Even though kindred motifs emerge among the smaller pictures, I never produce similar works one after the other.
I jump from one idea to the next; every drawing is something different to the one before. It’s simply impossible for me to stick to one single theme.
Repeating something amounts to trying to force something which it is better to allow to happen. Otherwise your thoughts remain stuck and won’t exert themselves.
That at least is the notion, the dogma I cherished for so long – from 1983 to 2000.
It seemed impossible to restrict myself to one area, to one sole possibility.
In the smaller drawings I keep playing games with myself: after a pale drawing I have to do a dark one, or one with unbroken lines. Precise observation has to alternate with the slurring lines of a noise: time and again doing something different to before, without giving up what had preceded, taking everything with you and slowly developing it.
This has been one of my principles over the years.
I want to forget what the drawing with the leg looked like from yesterday – so that I can try it again.

How does it really look?
How does it feel from inside?
How do I see it in other works?
In 2003 I worked together with the publisher Lars Müller on Lidschlag.
The book consists of two hundred drawings from 1983 to 2003.
Each year I put aside 50–150 works from this “fund” into my own collection, the “Lonely Island”. These are drawings which didn’t find a place in exhibitions or that are so contrary I wanted to keep them, as well as works that have a special meaning for me.
So the big challenge was to work through this pile of 2000 drawings and make a selection of 200 to 300, so as to visualise the period from 1983 to 2003 in chronological and linear order as a process of gradual change – leafing through the time.
Cinematic thinking, lines of tension, ease of legibility, movements to and fro, breaks, references to previous works, faltering vortices and calm flow: a montage of images taken from 21 years. For me the project encompassed a completely new (temporal) dimension with infinitely more “words” that were supposed to become “text”.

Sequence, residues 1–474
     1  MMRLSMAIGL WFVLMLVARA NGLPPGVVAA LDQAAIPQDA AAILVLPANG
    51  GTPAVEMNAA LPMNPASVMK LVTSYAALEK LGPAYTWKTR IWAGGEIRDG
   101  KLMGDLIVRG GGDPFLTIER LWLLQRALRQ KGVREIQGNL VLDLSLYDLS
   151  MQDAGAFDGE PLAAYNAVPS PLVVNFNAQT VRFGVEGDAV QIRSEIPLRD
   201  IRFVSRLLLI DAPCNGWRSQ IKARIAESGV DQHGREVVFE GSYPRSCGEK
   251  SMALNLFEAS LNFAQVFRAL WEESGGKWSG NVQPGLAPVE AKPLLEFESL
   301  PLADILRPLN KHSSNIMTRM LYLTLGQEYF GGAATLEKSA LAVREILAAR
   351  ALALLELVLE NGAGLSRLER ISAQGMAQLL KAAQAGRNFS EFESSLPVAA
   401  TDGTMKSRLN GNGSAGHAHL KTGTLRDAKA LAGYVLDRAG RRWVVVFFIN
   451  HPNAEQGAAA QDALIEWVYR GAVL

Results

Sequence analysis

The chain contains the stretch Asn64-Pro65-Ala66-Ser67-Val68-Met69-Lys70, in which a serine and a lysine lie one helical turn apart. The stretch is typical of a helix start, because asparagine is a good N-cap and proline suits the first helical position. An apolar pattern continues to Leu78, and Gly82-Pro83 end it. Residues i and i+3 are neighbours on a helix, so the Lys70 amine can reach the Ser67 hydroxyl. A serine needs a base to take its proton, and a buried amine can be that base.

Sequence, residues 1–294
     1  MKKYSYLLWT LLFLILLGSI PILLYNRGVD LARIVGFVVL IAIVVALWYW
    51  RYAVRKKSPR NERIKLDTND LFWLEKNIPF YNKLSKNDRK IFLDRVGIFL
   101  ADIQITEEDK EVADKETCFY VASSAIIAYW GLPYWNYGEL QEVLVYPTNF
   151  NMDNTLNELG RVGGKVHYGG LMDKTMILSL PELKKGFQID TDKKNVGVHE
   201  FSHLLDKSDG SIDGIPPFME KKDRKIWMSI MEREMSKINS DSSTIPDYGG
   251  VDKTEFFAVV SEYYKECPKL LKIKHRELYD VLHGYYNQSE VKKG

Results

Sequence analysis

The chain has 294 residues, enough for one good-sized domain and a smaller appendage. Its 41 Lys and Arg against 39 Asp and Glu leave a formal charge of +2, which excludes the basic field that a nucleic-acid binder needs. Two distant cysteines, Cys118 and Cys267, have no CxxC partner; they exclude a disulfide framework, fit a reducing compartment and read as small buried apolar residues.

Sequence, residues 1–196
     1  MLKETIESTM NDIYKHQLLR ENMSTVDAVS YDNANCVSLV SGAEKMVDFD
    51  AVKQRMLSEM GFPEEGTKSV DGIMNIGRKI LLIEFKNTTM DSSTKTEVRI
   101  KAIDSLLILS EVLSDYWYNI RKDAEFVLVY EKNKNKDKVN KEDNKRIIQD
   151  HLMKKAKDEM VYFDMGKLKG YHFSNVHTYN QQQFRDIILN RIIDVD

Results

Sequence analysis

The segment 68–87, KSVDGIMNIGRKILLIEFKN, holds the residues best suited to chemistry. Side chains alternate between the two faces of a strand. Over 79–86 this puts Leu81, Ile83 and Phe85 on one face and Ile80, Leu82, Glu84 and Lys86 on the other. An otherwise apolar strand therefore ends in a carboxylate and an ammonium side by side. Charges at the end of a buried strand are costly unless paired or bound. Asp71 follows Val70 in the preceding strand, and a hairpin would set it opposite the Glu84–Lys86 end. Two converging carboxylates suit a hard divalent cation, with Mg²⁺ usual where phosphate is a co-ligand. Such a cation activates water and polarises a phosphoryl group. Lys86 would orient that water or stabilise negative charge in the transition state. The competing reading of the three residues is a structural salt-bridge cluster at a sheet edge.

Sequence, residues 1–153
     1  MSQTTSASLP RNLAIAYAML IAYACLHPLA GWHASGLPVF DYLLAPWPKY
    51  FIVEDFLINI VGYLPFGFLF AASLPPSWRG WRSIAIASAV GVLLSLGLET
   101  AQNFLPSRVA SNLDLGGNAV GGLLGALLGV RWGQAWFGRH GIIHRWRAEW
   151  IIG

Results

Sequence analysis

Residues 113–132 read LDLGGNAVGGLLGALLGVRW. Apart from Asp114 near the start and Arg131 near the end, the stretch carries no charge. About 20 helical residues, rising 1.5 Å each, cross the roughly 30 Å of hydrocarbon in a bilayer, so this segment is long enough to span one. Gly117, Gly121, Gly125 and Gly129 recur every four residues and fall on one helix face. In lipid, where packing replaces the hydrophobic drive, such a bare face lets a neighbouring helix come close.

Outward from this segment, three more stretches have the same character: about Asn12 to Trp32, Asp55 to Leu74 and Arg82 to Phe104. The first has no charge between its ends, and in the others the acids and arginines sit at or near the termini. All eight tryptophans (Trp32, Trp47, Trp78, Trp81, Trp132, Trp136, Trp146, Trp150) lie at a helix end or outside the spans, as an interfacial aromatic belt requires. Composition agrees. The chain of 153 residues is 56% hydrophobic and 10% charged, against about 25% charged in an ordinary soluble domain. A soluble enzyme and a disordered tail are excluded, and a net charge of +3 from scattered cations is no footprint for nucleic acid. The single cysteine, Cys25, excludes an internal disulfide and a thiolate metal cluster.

What had changed over the years?
What had remained the same?
What have I forgotten again, dropped?
How did new things come about?
Have the tonalities changed over the years?
Which story or stories can be told in this way?
Apart from the original drawings, another important aspect of my work over the years has been
the shots I take of my studio.
The photos capture ephemeral constellations and the relations between drawings placed next to one another, which sometimes only lasted the length of a particular work situation.
So one task has been to look through my collection of negatives and pick out informative views.
With the book now finished and in my hand, I can set out on this retrospective.
I have discovered a great deal that had been started, and which could be worked on.
Suddenly I am taken by the idea of daring the impossible and attempting a bolder gesture which would nevertheless be repeatable.
Large paper (200 x 150 cm) demands a totally different kind of physical effort.
One can manage to draw an unbroken line for two metres without interruption.
But a longer movement can only be executed by taking a step and thus by a visible interruption in the line.
Every line must be filled with presence, like a good dancer who extends right beyond her fingertips into space.
Suddenly I can appreciate this new method, and find that the repetition involved in drawing the same again and again is anything but a restriction.
Flower stems become lines, intersecting traceries of lines, parallel bundles of lines.

I knew of Agnes Martin when I was twenty-two – only later did I come to appreciate her.

Even if nowadays my drawings often have non-figural cast – they are still closely linked with the
Crossed lines can be stars in the lines on one’s palms, layered up lines are warm blankets
(blankets of snow, of clouds), rectangles with snaking lines are houses and paths, verticals and
horizontals open up a space to see through, step through, a hazy border, a passage. One thinks of
something figural, although none of the drawings point with any certainty to that.

+ Your practice of constantly drawing seems to be directed by a very definite, tuned-in awareness of the world, and not one that is vast and incalculable, but more the understandable world in your closer vicinity. This awareness precipitates into unshakeable images, to stills of other, inner, at any rate, invisible movements...

++ The everyday and normal seem to constantly bewilder me, seem to keep posing new questions:
what do fingers look like? (Study closely.)
What do feet look like under a chair? (Imagine something without seeing it.)
The best drawings are when I can put myself physically into my perception, when I can feel myself into it.
What places are there that can’t be filled out?
How does the back feel? (Looking from within.)
What did I walk past yesterday? (Recalling a route, walking and standing still.)
What do diffuse thoughts look like? (Groping through a fog.)
What does one remember and where are the white spots?